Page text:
Patience and Respect
“Growing old is like being increasingly penalized for a crime you haven’t committed.” Anthony Powell
Evidence for this statement is available in public places everywhere. Have you witnessed adults berating their elderly companions, or displaying their exasperation with them?
Two examples happened this week. “This is what it’s like now. We can’t go there. This is what you are like now. You can’t have that!” a woman barked at her elderly companion who followed her with a walker in a clothing store.
In the waiting room at a doctor’s office it was hard to ignore an adult woman address her mother. “I told you, why do I have to say everything three times? Listen! Listen when I talk to you! You never know what I’m saying anymore!” It seemed as if they were admonishing children- children who did not deserve such treatment!
Disappointment, fear of loss, or sheer frustration can make us act this way. While I consider myself to be a very patient person, I found myself raising my voice more than necessary with my mother who forgot to pack her hearing aids for our 5 day trip together. I believe disappointment drove my behavior- our time together was compromised from the ease I had imagined.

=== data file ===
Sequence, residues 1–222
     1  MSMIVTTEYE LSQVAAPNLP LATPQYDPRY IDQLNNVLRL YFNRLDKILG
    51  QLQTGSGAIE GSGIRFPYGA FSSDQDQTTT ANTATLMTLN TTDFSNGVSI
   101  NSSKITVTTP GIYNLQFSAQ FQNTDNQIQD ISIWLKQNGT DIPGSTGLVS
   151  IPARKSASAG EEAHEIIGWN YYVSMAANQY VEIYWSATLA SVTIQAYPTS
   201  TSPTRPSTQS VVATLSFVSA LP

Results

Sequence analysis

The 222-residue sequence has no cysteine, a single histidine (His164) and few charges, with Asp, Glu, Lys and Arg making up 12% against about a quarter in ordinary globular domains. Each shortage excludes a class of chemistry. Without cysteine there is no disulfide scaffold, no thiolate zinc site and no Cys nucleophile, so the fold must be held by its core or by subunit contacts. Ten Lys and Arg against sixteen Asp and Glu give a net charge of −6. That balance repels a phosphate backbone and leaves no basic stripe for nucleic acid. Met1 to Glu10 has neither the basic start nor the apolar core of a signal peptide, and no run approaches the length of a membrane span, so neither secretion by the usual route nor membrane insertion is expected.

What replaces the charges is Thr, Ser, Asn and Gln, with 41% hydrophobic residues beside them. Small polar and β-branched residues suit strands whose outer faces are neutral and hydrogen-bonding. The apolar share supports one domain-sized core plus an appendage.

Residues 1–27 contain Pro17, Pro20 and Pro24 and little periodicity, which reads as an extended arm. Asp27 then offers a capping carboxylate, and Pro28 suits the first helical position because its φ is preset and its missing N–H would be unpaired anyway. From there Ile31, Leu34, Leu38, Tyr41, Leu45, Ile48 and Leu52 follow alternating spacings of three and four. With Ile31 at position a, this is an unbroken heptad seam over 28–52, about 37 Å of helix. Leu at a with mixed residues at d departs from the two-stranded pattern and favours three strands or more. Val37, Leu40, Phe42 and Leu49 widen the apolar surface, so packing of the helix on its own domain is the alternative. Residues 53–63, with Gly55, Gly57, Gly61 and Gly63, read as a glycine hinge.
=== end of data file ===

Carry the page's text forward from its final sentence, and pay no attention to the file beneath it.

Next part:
The question became, “Who do I choose to be in relation to my mother? Regardless of how she is behaving? Regardless of what she is able or unable to do?
A breath and 5 seconds are the first aid kit. Five seconds of time can make all the difference between a knee jerk reaction and a neutral or meaningful response.
Interrupting the pattern gets me out of my trance and into the other person’s shoes. It helps me realize things are not going my way- the way I would like it to be, and more importantly, it gives me the opportunity to understand I have a choice. I can choose how to respond.
I choose to respond with respect and patience as much as I can. And mostly because that’s the kind of person I want to be. It’s important to look at what is working, instead of what is lost. We can look with our hearts instead of our eyes as much as possible. We will see more of the positive that way.
Lend some positive thinking to the current situation, no matter how bad it looks. Ask, “What’s the opportunity here for us? For them? When my father- in-law, deep in dementia, barely responded during our visits, we decided that sitting quietly, talking softly, or just holding his hand and smiling in remembrance was the new nature of our visits. We chose to be patient and loving for the benefit of all.
In other words, if we placed a mirror on our loved one’s forehead, how would we see ourselves behaving? It is as much about self-respect as it is about the other person.
“Seeing the sacred in ourselves and in all living things is the solution.” Gloria Steinem